Of all the ways the outgoing Obama administration has waged war on the private sector, nothing has been as deeply felt as the economically harmful actions taken by the Environmental Protection Agency (EPA).
One could make the argument that if the Trump administration truly wants to see 3-5 percent annual growth in gross domestic product and raise median wages for the first time in decades, then the selection for EPA administrator is the most significant choice that President-elect Donald Trump faces for his Cabinet.
Oklahoma Attorney General Scott Pruitt is the right man for the job.
With Administrator Pruitt at the helm, I am confident that relations between the EPA and the state of Texas, one of our nation’s most successful energy-producing states, will be able to return to the model set up by Congress — one of cooperative federalism, not coercive federalism.
Protecting the air, water and land is a priority for our state. We are pleased the EPA will be led by someone who wants to return to that as the EPA’s priority, rather than waging an ideologically based energy policy war on fossil fuels.
How bad was the Obama administration’s EPA?
In recent years, the United States has seen a major onslaught of overreaching federal regulations, with the imposition of 229 major regulations since 2009 at a cost of $108 billion annually. Under President Obama, the EPA accounted for nine of the 43 new major rules in 2015, increasing annual regulatory costs by $11.1 billion.
What’s more, 56 Clean Air Act Federal Implementation Plans were issued under the Obama administration, as compared to a total of five during the prior three presidential administrations spanning 20 years (with only one during the eight years of the Clinton administration).
The U.S. energy sector faces an increasing amount of uncertainty from these intrusive and disruptive federal regulatory initiatives, which threaten to destabilize the electricity market, impose a heavy burden on ratepayers and negatively affect the economy.
The Clean Power Plan (CPP) is the most extreme example of the EPA’s overreach. Rather than rewarding Texas for having a carbon-dioxide emissions rate better than 26 states and below the national average, the EPA has mandated that Texas reduce its carbon-dioxide emissions far more than any other state and more than most other states combined. In addition to this inequity, it will force the premature shutdown of numerous power plants, result in billions of dollars in costs, create electric reliability issues, and ultimately raise wholesale electricity prices by at least 20 percent by 2030.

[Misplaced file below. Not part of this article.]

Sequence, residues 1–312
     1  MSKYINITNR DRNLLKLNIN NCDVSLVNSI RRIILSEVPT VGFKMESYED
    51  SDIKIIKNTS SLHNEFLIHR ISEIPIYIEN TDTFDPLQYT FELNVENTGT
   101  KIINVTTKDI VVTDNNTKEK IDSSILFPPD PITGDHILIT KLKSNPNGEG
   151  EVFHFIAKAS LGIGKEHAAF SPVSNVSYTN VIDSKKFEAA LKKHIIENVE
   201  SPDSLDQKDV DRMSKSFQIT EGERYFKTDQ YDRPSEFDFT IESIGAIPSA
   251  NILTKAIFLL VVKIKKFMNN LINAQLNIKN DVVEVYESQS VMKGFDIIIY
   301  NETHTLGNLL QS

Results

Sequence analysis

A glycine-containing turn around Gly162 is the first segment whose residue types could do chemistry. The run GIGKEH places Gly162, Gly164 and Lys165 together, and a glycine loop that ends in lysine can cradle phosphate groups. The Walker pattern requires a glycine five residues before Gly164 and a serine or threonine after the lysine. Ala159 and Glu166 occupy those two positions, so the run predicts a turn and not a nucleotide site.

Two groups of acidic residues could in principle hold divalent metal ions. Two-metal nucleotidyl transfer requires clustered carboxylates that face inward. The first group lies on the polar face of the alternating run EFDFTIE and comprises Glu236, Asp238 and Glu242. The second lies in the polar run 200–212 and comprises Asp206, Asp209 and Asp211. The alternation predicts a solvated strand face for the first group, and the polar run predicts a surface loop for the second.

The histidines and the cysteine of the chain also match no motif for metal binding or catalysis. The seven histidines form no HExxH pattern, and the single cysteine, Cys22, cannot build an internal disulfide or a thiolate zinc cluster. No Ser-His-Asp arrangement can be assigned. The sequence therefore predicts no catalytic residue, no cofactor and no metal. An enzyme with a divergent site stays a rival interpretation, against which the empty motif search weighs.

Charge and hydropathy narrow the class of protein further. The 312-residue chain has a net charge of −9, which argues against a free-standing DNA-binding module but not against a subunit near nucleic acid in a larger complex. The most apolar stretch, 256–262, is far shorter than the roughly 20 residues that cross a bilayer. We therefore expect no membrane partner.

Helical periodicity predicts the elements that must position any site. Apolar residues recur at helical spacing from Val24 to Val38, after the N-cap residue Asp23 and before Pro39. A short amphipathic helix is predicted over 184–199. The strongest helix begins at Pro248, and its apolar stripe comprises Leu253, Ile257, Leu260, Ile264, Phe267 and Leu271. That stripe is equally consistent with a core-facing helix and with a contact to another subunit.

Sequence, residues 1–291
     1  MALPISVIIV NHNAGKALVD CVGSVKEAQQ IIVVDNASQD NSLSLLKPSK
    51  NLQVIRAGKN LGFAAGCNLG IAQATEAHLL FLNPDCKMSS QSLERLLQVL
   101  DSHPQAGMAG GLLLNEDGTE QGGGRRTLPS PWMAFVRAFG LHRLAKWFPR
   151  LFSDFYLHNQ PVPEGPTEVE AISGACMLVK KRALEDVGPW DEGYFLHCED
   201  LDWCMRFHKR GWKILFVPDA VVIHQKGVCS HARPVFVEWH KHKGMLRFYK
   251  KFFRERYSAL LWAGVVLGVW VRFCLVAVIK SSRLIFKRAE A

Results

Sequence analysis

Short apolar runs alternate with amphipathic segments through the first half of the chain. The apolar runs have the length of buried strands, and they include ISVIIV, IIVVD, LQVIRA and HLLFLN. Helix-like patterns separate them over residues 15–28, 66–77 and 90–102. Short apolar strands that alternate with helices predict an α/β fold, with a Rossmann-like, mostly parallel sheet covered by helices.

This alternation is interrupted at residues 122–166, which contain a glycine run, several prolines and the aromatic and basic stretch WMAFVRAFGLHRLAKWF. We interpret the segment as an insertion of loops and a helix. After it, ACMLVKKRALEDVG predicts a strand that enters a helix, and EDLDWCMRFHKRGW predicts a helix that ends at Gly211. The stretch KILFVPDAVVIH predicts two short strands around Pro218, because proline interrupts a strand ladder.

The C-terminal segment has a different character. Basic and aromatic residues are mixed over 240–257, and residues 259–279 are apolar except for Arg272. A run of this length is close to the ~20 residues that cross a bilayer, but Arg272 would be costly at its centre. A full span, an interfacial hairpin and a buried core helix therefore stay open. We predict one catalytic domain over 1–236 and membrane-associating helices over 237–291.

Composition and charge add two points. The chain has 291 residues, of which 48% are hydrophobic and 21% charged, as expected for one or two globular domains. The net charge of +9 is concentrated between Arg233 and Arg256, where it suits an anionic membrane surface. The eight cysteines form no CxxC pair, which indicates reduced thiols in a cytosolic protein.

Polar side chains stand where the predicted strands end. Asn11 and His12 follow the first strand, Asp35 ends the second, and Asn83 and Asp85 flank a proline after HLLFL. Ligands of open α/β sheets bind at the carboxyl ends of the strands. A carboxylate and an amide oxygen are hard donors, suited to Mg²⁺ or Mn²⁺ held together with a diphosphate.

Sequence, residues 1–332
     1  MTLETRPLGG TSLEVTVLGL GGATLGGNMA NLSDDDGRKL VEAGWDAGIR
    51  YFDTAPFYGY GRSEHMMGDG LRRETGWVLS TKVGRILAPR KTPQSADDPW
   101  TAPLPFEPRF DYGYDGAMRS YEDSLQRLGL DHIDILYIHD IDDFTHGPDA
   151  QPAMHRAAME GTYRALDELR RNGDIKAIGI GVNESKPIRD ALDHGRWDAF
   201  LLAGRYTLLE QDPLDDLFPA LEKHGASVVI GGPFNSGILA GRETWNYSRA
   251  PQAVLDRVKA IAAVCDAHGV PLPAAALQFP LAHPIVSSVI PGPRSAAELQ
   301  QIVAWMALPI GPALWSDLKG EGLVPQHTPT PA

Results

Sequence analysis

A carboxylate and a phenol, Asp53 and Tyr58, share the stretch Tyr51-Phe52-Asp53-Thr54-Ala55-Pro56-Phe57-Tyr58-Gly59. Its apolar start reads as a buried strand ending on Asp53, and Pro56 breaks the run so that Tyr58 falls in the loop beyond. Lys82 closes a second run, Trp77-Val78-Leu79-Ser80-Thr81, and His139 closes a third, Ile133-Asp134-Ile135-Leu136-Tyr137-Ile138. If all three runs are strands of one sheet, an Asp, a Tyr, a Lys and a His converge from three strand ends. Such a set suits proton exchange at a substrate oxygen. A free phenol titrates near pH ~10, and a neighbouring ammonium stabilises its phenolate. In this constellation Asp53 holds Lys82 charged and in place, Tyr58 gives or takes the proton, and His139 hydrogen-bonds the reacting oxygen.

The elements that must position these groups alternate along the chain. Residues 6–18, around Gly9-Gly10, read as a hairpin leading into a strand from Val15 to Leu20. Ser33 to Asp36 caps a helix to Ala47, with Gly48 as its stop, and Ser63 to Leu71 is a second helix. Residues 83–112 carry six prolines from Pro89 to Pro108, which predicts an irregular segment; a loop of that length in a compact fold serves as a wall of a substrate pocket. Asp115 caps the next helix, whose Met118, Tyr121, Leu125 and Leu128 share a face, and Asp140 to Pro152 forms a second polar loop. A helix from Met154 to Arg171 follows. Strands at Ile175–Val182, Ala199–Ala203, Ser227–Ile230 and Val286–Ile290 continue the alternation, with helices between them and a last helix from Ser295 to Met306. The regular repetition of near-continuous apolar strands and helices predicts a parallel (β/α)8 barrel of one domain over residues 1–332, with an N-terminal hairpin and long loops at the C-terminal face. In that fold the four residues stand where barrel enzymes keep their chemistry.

As bad as the CPP will be — unless halted by the future administration — the worst part of the rule is that it is truly “all pain, no gain,” with the total benefits from the rule, using the EPA’s own calculation methods, amounting to less than one-hundredth of a degree reduction in global temperature increase and less than one-hundredth of an inch abatement in sea level rise (the thickness of one or two human hairs).
The state of Texas worked closely with Mr. Pruitt to fight the CPP, and his leadership was not just helpful, it was truly meaningful.
Texas challenged the CPP, along with 26 other states (including Oklahoma) and secured from the U.S. Supreme Court something that has never happened in the history of our country — the court stayed the rule while the lower court reviewed its validity. This action is widely seen as a strong indication that our nation’s highest court does not view the EPA’s CPP as an appropriate exercise of its authority.
I wish I could say CPP was the only damaging thing President Obama’s EPA did.
Here are two more egregious examples:
The EPA attempted to impose billions of dollars in compliance costs on Texas via the Cross-State Air Pollution Rule. The rule would have required Texas to deliver half of the nation’s sulfur-dioxide reductions based on a projected ground-level impact of particulate matter in Illinois that was so small that a person breathing that air every day for an entire lifetime would be exposed to a grand total of particulate less than one-twelfth of a Splenda packet. Despite this minuscule impact, Texas fought the EPA in court for more than four years until courts ultimately struck down the rule’s requirements for Texas.
The EPA’s Regional Haze Reasonable Progress Federal Implementation Plan is another effort to single out Texas. The rule will cost Texas’ electric generators over $2 billion, likely lead to the shutdown of numerous power plants, result in higher electricity bills and jeopardize electric reliability, all while resulting in “improvements” that, by the EPA’s own calculations, could not be detected by the human eye — which was the whole reason the regional haze program was put in place — to improve visibility. This “invisible impact” rule was challenged by Texas in court and was found by the 5th U.S. Circuit Court of Appeals to be so egregious the court stayed the rule and recognized the EPA had likely overstepped its legal authority in at least four different ways.
In Texas, we know Mr. Pruitt because we have locked arms with him and the state of Oklahoma to protect our economies from federal overreach and defend our ratepayers from unnecessarily higher electricity rates and an unreliable electricity grid.
Attorney General Pruitt has the leadership, the experience, the common sense and the courage to do the job that needs to be done at the EPA after eight disastrous years.
• Mike Nasi is the general counsel for Balanced Energy for Texas.